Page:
Does design matter?
I used to think, “Not so much. Functionality is key. Form is just fluff. If it works, it doesn’t matter that much how it looks.”
But I’ve changed my mind on that, based on experience, principle, and theology.
Experience – Bad design leads to bad experience. It could be a frustrating product you just purchased, a poorly designed road system, a confusing building layout, etc.
In contrast, good design leads to good experience (so long as the functionality is there). Think of the first Apple product you ever owned. Everything worked together seamlessly. It was a JOY to use.
Design has a direct effect on our emotions, and we’re constantly interacting with it. It’s presence in our lives is unavoidable, for better or for worse.
Principle – There’s a saying in art that “form follows function.” When you interact with a product or service that doesn’t understand the value of form, you get:
– Functional Ugly
– Functional Frustrating
– Functional Inefficient
When the design of something doesn’t compliment its purpose, it can actually lower the value of the object. Form is not an “add on” to value; it’s an integral part of value.
Conversely, there can be a place for “function follows form.” That is, start with a really creative/beautiful thing, and then see if there are functional uses that can be attached to it.
Either way, form is being valued.
For the record, I do believe in form for form’s sake. I don’t think that design needs to have a utilitarian purpose in order for it to be worthwhile. Here’s why:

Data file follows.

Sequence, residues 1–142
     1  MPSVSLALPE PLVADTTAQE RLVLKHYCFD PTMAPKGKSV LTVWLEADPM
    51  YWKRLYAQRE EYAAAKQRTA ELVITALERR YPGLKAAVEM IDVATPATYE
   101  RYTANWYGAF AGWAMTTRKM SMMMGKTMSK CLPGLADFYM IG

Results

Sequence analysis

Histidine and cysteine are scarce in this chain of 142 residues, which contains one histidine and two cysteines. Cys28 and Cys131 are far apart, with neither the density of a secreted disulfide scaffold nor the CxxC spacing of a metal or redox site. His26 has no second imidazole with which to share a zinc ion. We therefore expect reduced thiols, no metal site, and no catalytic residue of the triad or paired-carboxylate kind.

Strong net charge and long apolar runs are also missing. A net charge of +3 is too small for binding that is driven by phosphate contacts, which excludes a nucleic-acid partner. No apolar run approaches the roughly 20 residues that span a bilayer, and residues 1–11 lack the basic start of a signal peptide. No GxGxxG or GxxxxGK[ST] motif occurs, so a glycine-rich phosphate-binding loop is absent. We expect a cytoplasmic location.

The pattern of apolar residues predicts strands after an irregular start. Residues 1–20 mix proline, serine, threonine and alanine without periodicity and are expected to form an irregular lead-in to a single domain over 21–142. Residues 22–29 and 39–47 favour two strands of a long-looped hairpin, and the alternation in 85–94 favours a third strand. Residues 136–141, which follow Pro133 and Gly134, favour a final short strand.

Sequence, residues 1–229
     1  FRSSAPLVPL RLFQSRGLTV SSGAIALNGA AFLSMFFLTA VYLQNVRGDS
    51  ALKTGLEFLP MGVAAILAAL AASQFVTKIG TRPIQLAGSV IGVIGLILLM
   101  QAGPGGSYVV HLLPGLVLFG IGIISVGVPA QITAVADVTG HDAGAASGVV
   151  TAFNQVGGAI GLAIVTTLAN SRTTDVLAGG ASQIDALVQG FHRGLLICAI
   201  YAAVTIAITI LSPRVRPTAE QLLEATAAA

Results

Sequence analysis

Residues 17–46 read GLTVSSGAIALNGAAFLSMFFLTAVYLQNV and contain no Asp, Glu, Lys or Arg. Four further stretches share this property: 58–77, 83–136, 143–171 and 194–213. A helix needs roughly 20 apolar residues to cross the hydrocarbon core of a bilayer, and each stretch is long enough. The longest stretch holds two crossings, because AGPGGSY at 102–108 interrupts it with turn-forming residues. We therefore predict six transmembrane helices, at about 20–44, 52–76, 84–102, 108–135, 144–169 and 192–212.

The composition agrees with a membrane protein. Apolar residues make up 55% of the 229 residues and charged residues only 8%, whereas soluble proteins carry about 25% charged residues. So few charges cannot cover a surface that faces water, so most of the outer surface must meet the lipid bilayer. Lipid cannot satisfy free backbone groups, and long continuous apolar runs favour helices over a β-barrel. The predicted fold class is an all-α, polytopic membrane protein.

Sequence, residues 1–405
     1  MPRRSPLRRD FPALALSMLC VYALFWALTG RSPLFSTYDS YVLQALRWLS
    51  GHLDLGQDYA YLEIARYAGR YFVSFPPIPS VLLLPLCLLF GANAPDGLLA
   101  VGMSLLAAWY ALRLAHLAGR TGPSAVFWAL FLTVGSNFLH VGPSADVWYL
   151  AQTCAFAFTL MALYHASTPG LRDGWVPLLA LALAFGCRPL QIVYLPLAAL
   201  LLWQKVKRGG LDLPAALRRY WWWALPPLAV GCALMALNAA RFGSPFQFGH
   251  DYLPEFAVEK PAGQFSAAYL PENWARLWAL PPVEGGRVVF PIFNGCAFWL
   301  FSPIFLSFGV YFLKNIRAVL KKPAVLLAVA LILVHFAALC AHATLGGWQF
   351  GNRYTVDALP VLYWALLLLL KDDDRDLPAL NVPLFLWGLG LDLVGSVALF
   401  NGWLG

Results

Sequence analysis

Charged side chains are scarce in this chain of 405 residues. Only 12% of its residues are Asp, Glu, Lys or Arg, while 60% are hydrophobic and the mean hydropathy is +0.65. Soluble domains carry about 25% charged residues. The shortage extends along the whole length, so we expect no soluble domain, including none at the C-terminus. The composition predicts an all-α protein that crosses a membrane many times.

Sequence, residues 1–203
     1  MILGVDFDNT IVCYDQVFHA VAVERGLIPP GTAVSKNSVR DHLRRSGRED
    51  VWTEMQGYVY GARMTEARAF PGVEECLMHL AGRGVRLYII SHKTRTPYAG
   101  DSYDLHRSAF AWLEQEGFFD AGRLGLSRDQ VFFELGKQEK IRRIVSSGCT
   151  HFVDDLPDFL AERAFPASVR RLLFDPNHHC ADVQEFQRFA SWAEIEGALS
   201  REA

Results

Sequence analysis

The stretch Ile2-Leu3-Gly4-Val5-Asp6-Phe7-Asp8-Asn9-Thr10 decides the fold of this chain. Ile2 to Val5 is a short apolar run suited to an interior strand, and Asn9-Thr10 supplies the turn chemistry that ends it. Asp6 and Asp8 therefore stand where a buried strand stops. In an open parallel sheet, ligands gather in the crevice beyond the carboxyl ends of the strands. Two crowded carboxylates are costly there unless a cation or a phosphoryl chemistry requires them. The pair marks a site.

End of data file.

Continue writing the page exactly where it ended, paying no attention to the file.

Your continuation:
Theology – “In the beginning, God created [designed] the heavens and the earth.” (Genesis 1:1) Design – specifically, good design – was God’s idea. He is the ultimate and original artist/designer/architect. Creation is his handiwork, with you and I being its zenith.
I love how so much of the beauty we see in nature isn’t strictly necessary. Like a stunning sunrise. God could have opted for no show, or no colors, but instead he went all out. The same could be said for a lot of things we see.
What is God saying to us through all this? Perhaps, in part, that beauty has its own inherent value.
So last week I was deciding between two different apps to purchase. They both did basically the same thing. One seemed to have a few more features, but the design was terrible. The other was a little less configurable, but had WAY better design. Can you guess which one I picked?